What’s Behind Queen Elizabeth’s Portrait on the $5 Note Being Replaced by an Indigenous Design

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Australia’s central bank recently proposed an unconventional idea to the federal government of replacing Queen Elizabeth II’s portrait with a unique Indigenous design on the nation’s $5 note.

Mr Lowe said, “If the Government is of the view that the King’s portrait should be on the $5 banknote, then the Bank will proceed on that basis and seek an appropriate image from the Palace.”

The Reserve Bank of Australia (RBA) has been consulting the federal government on what image should replace that of the late monarch Queen Elizabeth II. This portrait had been appearing on the nation’s $5 banknote since 1992 and was recently slated for replacement in favour of a design that would better reflect the country’s Indigenous heritage.

In February, RBA revealed that it would pursue an Indigenous design to replace the portrait of Queen Elizabeth II on the nation’s $5 banknote. Following this announcement, Freedom of Information (FOI) documents requested by “H” show that RBA governor Philip Lowe wrote to Treasurer Jim Chalmers a month after the Queen’s death.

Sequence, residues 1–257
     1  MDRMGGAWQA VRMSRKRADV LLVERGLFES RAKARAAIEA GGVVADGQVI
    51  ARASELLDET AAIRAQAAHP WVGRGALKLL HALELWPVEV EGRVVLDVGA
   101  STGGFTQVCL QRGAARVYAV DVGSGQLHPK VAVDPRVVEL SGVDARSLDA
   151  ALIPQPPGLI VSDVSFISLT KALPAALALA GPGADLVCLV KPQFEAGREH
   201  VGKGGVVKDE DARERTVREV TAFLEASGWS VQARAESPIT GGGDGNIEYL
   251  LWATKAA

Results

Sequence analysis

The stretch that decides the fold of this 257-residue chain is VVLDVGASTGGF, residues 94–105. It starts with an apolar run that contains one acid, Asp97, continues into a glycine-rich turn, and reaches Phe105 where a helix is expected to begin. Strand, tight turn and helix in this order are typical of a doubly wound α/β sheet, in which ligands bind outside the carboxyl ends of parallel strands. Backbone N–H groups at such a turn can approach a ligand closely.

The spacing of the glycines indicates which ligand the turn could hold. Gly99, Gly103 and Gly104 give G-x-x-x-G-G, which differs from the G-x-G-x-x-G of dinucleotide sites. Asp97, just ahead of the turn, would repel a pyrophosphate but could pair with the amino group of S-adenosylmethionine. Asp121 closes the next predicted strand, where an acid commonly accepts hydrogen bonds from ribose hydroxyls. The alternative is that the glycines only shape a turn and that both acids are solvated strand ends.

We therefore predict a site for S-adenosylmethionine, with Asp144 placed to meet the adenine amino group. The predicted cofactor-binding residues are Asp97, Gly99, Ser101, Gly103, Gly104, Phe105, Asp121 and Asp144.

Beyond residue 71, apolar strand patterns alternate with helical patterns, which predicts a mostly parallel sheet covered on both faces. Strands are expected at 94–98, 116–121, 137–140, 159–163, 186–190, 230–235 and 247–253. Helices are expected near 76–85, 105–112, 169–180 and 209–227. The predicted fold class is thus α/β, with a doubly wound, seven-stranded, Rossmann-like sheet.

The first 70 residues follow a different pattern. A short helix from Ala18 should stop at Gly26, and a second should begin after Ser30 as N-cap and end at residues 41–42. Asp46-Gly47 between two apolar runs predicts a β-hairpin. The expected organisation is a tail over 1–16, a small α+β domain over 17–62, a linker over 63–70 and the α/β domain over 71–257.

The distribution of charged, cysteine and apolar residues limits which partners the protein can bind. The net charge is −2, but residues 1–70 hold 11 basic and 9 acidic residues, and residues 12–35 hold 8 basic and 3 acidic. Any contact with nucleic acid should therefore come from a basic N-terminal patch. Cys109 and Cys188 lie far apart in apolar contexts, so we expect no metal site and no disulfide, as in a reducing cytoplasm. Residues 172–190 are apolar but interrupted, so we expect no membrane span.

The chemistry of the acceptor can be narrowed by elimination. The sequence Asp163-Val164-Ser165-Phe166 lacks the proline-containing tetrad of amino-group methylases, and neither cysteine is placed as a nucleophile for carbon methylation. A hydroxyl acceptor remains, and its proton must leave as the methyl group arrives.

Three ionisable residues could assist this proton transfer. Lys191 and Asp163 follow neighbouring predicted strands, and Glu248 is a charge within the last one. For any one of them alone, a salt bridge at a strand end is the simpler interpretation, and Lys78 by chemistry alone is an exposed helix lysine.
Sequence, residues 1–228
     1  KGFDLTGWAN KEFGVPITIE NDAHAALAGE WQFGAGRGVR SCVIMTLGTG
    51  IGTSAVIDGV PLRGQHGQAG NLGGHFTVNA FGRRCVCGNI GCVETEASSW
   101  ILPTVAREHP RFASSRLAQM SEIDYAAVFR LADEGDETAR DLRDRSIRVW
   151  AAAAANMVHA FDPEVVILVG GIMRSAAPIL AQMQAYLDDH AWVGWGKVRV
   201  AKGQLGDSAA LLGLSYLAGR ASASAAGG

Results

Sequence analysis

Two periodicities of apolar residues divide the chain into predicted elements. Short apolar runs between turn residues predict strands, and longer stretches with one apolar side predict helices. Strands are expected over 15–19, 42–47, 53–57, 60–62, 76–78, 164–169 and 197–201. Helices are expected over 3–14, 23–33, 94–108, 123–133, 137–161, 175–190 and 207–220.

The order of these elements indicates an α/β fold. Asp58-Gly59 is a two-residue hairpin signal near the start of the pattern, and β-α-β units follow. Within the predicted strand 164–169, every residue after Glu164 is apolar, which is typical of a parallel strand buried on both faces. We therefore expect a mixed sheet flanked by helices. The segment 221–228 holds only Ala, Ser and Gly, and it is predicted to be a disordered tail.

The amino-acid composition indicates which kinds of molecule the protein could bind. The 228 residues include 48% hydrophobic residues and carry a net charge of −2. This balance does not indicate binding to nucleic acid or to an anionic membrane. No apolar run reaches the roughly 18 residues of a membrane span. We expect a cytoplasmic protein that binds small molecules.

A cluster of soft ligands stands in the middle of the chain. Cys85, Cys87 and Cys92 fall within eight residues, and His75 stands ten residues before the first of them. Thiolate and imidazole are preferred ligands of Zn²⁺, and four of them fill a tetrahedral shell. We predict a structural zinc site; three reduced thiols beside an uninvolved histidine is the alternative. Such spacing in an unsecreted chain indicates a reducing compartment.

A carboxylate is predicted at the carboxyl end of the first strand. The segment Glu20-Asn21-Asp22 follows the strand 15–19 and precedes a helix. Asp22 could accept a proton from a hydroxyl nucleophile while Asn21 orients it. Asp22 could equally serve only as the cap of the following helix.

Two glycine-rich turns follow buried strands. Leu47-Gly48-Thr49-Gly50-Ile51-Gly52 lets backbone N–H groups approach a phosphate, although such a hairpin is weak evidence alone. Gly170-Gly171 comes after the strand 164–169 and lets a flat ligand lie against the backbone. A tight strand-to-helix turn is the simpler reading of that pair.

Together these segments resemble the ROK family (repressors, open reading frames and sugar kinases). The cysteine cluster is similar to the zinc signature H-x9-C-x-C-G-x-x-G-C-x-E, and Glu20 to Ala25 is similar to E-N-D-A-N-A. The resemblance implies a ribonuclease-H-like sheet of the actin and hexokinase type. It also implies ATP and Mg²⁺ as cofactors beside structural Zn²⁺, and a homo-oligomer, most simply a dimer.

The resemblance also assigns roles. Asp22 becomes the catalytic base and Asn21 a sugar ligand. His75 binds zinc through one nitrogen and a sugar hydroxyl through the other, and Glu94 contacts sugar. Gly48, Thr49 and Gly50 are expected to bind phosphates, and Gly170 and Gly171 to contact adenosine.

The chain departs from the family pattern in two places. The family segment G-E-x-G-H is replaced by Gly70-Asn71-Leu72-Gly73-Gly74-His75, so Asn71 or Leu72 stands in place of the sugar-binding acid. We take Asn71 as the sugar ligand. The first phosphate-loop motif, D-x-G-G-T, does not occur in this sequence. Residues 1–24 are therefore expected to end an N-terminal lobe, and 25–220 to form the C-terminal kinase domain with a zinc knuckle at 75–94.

The Freedom of Information (FOI) documents showed the treasurer saying the government would be comfortable replacing the portrait of Queen Elizabeth II on the nation’s $5 note with an Indigenous design. He added that it would be a great way for Australia to pay tribute to its First Nations people and acknowledge their contributions to Australian society.

“Alternatively, if the Government’s view is that the monarch should no longer be on Australia’s banknotes, the Bank will explore a new design that honours the culture and history of the First Australians. It is not our intention to replace the monarch with another individual,” said Mr Lowe.

Regardless of what happens next, one thing is sure: replacing Queen Elizabeth II’s portrait with an Indigenous design on Australia’s $5 note would represent a historic moment in our nation’s history – one that honours both Her Majesty’s life and legacy as well as acknowledges past injustices against Aboriginal peoples throughout its pages.

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